Friday, May 1, 2015

Ginger Snaps (2000)

Raging Hormones, Werewolves and everything brutally beautiful

Wes Craven's Scream started with the premise that every kid in high school knew the teenage slasher flick genre by heart and, therefore, why pretend? This low-budget but immensely popular Canadian film (it spawned 2 sequels) follows the same route, but from a different perspective. 

It's no joke, for one thing. Ginger (Katharine Isabelle) and Brigitte (Emily Perkins) are sisters. They live in a suburban home with a groomed dad and hands-on mom (Mimi Rogers) who talks to them like china dolls. Ginger is 16, Brigitte 15. For fun, they fake murders and suicides and have a death pact, which means if one dies the other kills herself. 

Menstruation becomes a big issue because it hasn't happened yet and the grown-ups can't wait to give advice and be patronizing. The girls are in rebellion against life. They want freedom from the safety of their uneventful existence and refuse to be told what to do. They consider prettier girls bitches and boys unmentionable. They are called freaks.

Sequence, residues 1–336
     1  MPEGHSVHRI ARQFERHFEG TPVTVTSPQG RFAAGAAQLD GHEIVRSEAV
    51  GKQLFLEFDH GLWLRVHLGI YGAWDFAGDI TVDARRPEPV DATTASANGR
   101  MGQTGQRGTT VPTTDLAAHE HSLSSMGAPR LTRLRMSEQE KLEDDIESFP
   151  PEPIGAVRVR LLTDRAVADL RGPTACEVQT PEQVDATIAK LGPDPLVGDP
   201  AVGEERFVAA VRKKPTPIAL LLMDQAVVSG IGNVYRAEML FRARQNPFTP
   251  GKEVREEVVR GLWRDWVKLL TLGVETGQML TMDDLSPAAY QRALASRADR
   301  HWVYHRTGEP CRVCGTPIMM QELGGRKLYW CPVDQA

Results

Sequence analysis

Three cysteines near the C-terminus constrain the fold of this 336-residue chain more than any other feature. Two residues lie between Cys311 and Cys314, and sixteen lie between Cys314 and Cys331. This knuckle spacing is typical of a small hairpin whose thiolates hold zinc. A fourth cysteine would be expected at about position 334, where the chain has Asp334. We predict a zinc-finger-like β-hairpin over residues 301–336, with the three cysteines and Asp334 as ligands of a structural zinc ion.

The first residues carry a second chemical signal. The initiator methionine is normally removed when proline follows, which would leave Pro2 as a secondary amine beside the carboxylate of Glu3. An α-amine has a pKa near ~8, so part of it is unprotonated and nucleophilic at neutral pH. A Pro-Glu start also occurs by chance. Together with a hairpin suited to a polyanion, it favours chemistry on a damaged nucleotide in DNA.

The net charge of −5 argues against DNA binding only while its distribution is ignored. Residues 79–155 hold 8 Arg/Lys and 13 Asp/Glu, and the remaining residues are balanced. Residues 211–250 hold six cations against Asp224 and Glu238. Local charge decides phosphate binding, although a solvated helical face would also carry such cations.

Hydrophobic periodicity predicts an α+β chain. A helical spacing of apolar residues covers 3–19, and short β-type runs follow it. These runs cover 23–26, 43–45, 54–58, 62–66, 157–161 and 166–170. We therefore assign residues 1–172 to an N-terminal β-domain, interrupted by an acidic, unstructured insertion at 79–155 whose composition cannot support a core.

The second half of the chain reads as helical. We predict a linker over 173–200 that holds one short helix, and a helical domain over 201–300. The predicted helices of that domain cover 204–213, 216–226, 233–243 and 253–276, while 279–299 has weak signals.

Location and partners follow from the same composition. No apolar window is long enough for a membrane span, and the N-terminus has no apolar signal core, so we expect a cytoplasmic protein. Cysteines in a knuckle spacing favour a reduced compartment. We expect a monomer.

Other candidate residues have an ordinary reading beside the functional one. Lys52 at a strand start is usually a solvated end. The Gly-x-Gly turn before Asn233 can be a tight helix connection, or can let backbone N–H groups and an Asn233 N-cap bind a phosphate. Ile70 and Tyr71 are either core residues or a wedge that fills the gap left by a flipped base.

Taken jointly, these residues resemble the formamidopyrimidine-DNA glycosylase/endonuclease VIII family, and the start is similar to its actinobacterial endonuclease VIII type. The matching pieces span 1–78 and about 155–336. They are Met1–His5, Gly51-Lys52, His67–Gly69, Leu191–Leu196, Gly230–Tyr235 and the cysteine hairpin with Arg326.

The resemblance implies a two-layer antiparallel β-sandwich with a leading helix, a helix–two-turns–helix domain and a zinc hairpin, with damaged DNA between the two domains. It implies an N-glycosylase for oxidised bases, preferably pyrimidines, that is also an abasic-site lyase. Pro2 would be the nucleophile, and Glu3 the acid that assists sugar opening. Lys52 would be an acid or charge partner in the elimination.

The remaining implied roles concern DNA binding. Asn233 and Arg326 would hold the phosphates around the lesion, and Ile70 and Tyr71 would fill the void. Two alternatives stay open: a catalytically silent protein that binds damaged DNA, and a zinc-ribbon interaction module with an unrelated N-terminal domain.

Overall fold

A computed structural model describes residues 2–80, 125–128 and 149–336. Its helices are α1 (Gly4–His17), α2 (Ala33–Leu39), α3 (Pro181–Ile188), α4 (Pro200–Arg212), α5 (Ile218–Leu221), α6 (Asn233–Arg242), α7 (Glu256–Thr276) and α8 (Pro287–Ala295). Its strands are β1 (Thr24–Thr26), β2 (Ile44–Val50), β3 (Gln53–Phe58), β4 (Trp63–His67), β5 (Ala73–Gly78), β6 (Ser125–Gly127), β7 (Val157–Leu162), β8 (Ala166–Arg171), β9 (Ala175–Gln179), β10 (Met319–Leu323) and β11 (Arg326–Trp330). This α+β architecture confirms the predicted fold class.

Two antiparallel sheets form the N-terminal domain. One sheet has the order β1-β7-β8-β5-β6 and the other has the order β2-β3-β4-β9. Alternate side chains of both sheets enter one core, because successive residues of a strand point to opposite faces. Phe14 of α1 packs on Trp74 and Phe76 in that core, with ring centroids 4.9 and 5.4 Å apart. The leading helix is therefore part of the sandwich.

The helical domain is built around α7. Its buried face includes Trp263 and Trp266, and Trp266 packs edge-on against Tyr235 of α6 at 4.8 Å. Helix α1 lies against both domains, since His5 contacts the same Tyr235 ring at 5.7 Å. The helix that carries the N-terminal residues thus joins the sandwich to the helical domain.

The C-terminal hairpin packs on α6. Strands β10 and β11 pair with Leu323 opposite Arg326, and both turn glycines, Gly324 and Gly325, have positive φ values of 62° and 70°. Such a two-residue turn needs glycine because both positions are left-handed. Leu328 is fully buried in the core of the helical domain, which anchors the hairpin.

Outside the narrow confines of their sulky patch, odd things have been reported, such as the brutal killing of household pets. Have the sisters lost control, or is there a wild creature abroad? When Ginger is attacked in the woods and barely escapes alive, Brigitte knows instinctively what nameless horror awaits. Except, it is not nameless. Does their pact include the living dead? 

The success of Ginger Snaps lies in the commitment of the director (John Fawcett), the actors, most notably the two sisters, the writer (Karen Walton) and a great soundtrack too. They don't go for the it's-behind-you pantomime approach that modern teenage horror movies enjoy. They take it seriously, which makes all the difference between empathy and objectivity. When the most responsible member of the school body turns out to be the in-house dope dealer, you know you cannot trust stereotypes.